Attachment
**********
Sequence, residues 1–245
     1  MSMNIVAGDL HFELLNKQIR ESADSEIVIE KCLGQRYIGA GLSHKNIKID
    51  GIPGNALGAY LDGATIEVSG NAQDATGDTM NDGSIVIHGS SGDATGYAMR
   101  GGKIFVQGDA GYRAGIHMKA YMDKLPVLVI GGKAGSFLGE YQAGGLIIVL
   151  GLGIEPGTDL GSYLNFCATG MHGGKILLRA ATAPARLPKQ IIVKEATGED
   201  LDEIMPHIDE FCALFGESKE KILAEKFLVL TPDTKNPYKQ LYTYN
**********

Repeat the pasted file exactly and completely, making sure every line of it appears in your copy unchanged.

Sequence, residues 1–245
     1  MSMNIVAGDL HFELLNKQIR ESADSEIVIE KCLGQRYIGA GLSHKNIKID
    51  GIPGNALGAY LDGATIEVSG NAQDATGDTM NDGSIVIHGS SGDATGYAMR
   101  GGKIFVQGDA GYRAGIHMKA YMDKLPVLVI GGKAGSFLGE YQAGGLIIVL
   151  GLGIEPGTDL GSYLNFCATG MHGGKILLRA ATAPARLPKQ IIVKEATGED
   201  LDEIMPHIDE FCALFGESKE KILAEKFLVL TPDTKNPYKQ LYTYN